Research identifies the body’s reaction to seven days fasting

Adaptive proteomic changes in humans during 7-day caloric restriction.


A new study in Nature Metabolism, led by researchers from Queen Mary’s Precision Healthcare University Research Institute and the Norwegian School of Sports Sciences, highlights what occurs in the body during prolonged periods without food. This research gives importance to potential treatments, especially for those unable to fast due to medical reasons. 

Fasting, practiced in various cultures and religions, has historically been used to manage conditions like epilepsy and rheumatoid arthritis. While fasting is often associated with weight loss, its broader health benefits have been suggested. However, until now, little was understood about the body’s responses during fasting beyond the shift from using consumed calories to stored fat for energy.

New methods for measuring thousands of proteins in our blood have enabled researchers to study how our bodies change during fasting.

In a study, 12 healthy volunteers fasted for seven days, drinking only water. Researchers closely watched these volunteers daily to see how the levels of about 3,000 proteins in their blood changed before, during, and after the fast. By figuring out which proteins are involved in the body’s response, the researchers could guess what health effects prolonged fasting might have by combining this data with genetic information from extensive studies.

During fasting, the body uses fat instead of glucose for energy, typically within the first few days. Volunteers lost around 5.7 kg of fat and lean mass during a seven-day fast. After eating again for three days, the weight stayed off, with lean mass mostly restored but fat mass remaining lower.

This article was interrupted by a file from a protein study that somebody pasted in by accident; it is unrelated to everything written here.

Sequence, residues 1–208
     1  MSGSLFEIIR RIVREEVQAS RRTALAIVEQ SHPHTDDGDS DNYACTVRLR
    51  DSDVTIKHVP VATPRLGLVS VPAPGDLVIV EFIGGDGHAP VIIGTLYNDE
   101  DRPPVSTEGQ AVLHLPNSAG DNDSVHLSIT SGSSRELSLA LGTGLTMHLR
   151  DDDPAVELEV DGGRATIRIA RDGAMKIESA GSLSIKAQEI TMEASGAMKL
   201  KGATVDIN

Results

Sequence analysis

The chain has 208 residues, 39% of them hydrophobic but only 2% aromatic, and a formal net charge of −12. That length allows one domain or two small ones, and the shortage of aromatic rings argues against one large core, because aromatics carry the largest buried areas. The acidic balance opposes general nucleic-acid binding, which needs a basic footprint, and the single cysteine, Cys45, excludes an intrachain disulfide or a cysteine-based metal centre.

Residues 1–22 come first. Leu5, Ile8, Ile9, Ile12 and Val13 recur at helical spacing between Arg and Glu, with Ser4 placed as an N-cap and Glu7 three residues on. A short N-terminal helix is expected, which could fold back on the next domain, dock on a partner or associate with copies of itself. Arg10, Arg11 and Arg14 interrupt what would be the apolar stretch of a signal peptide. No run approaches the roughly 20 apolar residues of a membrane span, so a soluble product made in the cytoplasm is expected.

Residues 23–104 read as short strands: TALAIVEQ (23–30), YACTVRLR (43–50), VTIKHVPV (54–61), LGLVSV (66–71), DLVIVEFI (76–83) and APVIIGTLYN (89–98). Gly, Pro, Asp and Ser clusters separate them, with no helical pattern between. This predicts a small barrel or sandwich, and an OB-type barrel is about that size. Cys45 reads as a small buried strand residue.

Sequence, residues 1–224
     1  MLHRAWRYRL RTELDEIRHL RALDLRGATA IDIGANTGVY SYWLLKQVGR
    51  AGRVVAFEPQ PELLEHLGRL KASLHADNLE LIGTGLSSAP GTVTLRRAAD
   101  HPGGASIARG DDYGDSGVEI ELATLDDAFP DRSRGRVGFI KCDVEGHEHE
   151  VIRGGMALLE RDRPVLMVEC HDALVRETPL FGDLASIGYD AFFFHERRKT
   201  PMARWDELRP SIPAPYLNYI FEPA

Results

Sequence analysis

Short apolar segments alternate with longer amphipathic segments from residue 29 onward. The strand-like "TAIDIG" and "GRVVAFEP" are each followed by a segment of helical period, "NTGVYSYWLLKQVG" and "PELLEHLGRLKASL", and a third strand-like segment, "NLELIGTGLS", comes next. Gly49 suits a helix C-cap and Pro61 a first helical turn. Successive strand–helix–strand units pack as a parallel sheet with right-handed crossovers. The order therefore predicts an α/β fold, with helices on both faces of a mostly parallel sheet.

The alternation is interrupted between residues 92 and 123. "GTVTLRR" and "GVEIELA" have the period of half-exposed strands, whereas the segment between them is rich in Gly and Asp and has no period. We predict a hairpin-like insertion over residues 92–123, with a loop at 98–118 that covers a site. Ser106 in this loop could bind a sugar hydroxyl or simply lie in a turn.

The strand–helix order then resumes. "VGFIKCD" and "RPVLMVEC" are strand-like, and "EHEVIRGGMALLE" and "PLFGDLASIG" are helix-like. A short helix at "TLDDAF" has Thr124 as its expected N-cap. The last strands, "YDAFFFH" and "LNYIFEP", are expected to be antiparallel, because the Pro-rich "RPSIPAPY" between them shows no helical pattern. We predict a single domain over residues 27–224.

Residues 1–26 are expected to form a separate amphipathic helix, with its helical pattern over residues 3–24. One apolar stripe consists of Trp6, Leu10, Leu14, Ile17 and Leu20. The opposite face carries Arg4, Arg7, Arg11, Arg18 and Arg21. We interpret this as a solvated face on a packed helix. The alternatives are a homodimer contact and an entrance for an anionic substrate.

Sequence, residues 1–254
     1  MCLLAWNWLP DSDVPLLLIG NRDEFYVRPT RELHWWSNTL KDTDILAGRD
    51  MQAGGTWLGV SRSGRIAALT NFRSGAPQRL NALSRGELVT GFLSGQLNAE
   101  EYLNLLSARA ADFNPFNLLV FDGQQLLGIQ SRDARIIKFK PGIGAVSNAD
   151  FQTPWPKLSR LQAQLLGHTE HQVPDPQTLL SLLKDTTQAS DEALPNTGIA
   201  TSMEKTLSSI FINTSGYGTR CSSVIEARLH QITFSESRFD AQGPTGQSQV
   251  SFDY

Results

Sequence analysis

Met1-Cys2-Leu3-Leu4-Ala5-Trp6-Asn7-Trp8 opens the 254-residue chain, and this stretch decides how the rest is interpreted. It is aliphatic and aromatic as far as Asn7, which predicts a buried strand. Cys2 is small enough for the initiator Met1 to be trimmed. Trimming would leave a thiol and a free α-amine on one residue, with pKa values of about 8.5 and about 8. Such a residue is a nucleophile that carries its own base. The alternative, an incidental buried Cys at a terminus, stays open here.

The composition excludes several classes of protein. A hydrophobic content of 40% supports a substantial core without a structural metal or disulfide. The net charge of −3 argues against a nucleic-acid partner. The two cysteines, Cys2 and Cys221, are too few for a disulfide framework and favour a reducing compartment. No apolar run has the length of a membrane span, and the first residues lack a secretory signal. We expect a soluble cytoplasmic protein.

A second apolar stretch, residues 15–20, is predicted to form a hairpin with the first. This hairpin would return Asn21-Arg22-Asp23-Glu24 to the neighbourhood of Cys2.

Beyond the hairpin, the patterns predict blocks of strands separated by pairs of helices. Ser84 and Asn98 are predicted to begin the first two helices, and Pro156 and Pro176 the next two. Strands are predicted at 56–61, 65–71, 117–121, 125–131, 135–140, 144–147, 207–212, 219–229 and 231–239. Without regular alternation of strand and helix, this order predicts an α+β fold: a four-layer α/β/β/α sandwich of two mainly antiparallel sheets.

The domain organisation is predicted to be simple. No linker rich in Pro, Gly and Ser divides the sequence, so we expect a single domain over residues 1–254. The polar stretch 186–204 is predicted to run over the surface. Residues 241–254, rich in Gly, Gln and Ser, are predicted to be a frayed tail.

After three days of fasting, the researchers noticed significant changes in protein levels throughout the body, showing a complete response to calorie restriction. About one in three measured proteins were changed significantly across substantial organs. These changes were similar among volunteers. However, there were unique fasting signatures beyond weight loss, such as alterations in proteins supporting brain neurons.

Claudia Langenberg, Director of the Precision Health University Research Institute (PHURI), explained that “their study unveils what happens in the body at a molecular level during fasting. If done safely, fasting can help with weight loss, and diets like intermittent fasting claim additional health benefits. However, their research found evidence of these benefits only after three days of total caloric restriction, which was later than previously thought.”

Maik Pietzner, Health Data Chair of PHURI and co-lead of the Computational Medicine Group at Berlin Institute of Health at Charité, highlighted that their findings support the traditional use of fasting for specific conditions. However, fasting might not always be suitable for patients with health issues. They hope these findings can guide the development of treatments based on the benefits of fasting, which could be more comfortable to patients.

This study helps us learn more about how different body parts react when people fast for a long time. By figuring out the tiny changes in our body during fasting, we can look into using fasting to help treat different health problems. Also, we need to do more research to ensure fasting is done safely and get the most health benefits out of it.

Journal reference:

  1. Pietzner, M., Uluvar, B., Kolnes, K.J. et al. Systemic proteome adaptions to 7-day complete caloric restriction in humans. Nature Metabolism. DOI: 10.1038/s42255-024-01008-9.
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